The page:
America’s Most Endangered Rivers for 2014: White River

Washington

Threat: Outdated dam and fish passage facilities
At Risk: Salmon, steelhead, and bull trout populations

WhiteRiver, WA | © Stephanie Sarles

WhiteRiver, WA | © Stephanie Sarles

Washington’s White River is a haven for salmon and steelhead, iconic fish treasured by tribes and recreational anglers. However, these fish are blocked by the U.S. Army Corps of Engineers’ Mud Mountain Dam and are often killed at its unsafe and outdated fish collection facility at the Buckley Diversion Dam a few miles downstream. To protect salmon and steelhead runs which are critical to river health, the Corps must pledge to design and implement a new state-of-the-art fish passage system by 2017.

The River

Originating from the Winthrop, Emmons, and Fryingpan glaciers on Mt. Rainier, the White River travels 68 miles and drains 494 square miles before flowing into the Puyallup River and Puget Sound. The White River is enjoyed by kayakers, fishermen, hikers, and visitors to Mt. Rainier National Park and the surrounding area. The river is home to four species of salmon (Chinook, coho, chum, and pink), as well as steelhead and bull trout. The river’s salmon and steelhead are central to the culture of the Muckleshoot and Puyallup Indian tribes.

The Threat

White River, WA | © Eric Marner, Muckleshoot Tribe

The outdated Buckley Diversion Dam kills thousands of salmon and steelhead every year | © Eric Marner, Muckleshoot Tribe

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Over $150 million in taxpayer funds are spent each year to restore salmon to rivers and streams around the Puget Sound. This investment is undermined every year when thousands— even hundreds of thousands in some years— of salmon and steelhead die at the antiquated and dangerous Buckley Diversion Dam fish collection facilities on the White River, due to the poor condition of this dam and its undersized fish trap. The Buckley fish trap was built in 1941 and is no longer sufficient to transport the large numbers of salmon attempting to return to their spawning grounds above Mud Mountain Dam. Even if salmon do make it into the overcrowded fish trap, they are often exhausted, delayed, impaled on rebar, and/or injured from the cramped holding facilities, which reduces their chances of survival after release.

Routine temporary repairs to Buckley Dam require sharply reduced water releases from the upstream Mud Mountain Dam, drying up 29 miles of river and stranding juvenile fish migrating to Puget Sound. Worst of all, as many as hundreds of thousands of adult salmon are left to die below Buckley Dam before they can spawn. The highest mortality takes place during pink salmon runs, which occur every odd numbered year in Puget Sound rivers.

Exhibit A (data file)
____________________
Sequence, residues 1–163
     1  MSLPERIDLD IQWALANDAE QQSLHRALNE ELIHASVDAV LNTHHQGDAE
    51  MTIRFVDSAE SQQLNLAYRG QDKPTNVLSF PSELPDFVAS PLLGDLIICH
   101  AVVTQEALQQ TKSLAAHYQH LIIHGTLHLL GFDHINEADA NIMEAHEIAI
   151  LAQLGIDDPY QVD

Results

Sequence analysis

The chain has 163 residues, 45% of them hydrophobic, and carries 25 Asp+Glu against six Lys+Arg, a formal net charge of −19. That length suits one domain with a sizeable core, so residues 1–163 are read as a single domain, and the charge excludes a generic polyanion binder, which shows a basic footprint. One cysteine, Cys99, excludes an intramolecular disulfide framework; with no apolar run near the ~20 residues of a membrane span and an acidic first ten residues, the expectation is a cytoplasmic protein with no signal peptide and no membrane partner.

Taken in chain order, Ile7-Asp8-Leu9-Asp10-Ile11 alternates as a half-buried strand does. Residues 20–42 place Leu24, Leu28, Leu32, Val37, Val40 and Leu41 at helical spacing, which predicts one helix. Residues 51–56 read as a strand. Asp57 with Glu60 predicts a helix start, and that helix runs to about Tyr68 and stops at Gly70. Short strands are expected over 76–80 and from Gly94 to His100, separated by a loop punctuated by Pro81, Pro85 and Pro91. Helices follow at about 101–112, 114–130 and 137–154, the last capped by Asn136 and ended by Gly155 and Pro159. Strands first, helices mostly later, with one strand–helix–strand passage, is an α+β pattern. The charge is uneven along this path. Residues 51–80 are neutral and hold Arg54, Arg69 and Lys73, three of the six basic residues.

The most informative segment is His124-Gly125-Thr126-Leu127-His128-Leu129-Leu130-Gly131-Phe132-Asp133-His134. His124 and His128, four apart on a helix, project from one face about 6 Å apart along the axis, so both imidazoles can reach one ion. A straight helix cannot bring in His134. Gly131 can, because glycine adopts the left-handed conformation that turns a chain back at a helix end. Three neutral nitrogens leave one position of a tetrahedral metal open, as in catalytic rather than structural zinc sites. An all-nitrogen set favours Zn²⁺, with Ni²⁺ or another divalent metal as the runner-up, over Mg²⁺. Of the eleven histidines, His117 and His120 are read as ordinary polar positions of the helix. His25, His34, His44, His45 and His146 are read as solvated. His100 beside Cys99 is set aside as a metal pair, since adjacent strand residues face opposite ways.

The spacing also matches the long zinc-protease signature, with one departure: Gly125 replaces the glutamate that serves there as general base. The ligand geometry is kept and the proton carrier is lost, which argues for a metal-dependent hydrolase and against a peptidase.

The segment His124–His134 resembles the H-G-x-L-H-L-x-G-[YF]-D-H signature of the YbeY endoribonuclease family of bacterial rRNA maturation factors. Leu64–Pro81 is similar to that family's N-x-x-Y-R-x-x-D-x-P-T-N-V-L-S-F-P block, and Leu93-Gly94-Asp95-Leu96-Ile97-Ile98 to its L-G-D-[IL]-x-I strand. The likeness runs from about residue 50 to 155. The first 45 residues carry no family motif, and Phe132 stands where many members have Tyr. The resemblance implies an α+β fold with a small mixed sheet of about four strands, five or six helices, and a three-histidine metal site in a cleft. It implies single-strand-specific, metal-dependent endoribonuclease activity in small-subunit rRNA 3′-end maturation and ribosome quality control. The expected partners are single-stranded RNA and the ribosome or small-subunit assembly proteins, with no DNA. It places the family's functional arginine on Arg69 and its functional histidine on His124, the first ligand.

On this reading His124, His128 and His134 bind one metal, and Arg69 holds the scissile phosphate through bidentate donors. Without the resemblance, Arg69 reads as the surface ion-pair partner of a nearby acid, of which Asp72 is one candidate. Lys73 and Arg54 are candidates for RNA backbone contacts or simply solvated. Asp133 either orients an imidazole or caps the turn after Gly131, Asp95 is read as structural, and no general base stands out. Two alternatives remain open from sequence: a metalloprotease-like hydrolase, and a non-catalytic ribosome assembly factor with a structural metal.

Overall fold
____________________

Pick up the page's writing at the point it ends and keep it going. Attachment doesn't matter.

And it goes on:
Buckley Dam’s failure as a fish passage facility is ironic— since it ceased diverting water to a hydropower project 10 years ago, the Buckley Dam’s primary purpose has been to serve, however poorly, as a fish passage facility for the much larger Mud Mountain Dam five miles upstream.

Since 2007, NOAA Fisheries has stated that repairing the dam and upgrading the fish trap is necessary for the Corps to meet its legal obligations under the Endangered Species Act to protect threatened Puget Sound Chinook and steelhead, but the Corps has failed to take action. This failure to act is particularly egregious because the White River Chinook salmon run includes a wild spring run component that NOAA Fisheries has determined must be restored if the larger population of Puget Sound Chinook salmon is to recover.

What Must Be Done

As operator of the Buckley Diversion Dam and owner and operator of the fish trap and Mud Mountain Dam, the Corps must pledge to design and install a modern diversion structure and updated fish trap by 2017— the soonest feasible time for completion of such a project while avoiding another massive fish kill during the 2017 pink salmon run. Replacing the dam and fish trap is a relatively modest investment (approximately $60 million) in light of the billions spent to date to protect and restore Puget Sound salmon. Modern fish trap facilities exist on nearby rivers like the Baker and Cedar, and there is no reason for the White River— and its rare Puget Sound spring Chinook salmon population— to lag behind. The Corps has an obligation to provide safe, timely, and effective fish passage. Meeting its obligation to the White River and its salmon means the Corps must allocate funding for a complete fix to the dam and fish trap.